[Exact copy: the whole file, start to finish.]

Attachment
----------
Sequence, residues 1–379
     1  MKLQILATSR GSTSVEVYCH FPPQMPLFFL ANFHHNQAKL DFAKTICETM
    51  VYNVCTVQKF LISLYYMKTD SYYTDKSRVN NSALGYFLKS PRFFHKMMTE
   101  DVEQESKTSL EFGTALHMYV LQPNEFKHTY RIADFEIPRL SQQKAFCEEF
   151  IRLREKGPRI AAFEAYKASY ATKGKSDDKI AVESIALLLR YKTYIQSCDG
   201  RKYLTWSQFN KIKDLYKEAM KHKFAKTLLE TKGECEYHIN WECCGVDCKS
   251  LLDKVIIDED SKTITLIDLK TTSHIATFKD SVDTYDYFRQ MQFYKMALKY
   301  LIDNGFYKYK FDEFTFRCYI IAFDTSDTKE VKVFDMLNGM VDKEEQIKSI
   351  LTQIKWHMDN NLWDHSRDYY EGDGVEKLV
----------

Sequence, residues 1–379
     1  MKLQILATSR GSTSVEVYCH FPPQMPLFFL ANFHHNQAKL DFAKTICETM
    51  VYNVCTVQKF LISLYYMKTD SYYTDKSRVN NSALGYFLKS PRFFHKMMTE
   101  DVEQESKTSL EFGTALHMYV LQPNEFKHTY RIADFEIPRL SQQKAFCEEF
   151  IRLREKGPRI AAFEAYKASY ATKGKSDDKI AVESIALLLR YKTYIQSCDG
   201  RKYLTWSQFN KIKDLYKEAM KHKFAKTLLE TKGECEYHIN WECCGVDCKS
   251  LLDKVIIDED SKTITLIDLK TTSHIATFKD SVDTYDYFRQ MQFYKMALKY
   301  LIDNGFYKYK FDEFTFRCYI IAFDTSDTKE VKVFDMLNGM VDKEEQIKSI
   351  LTQIKWHMDN NLWDHSRDYY EGDGVEKLV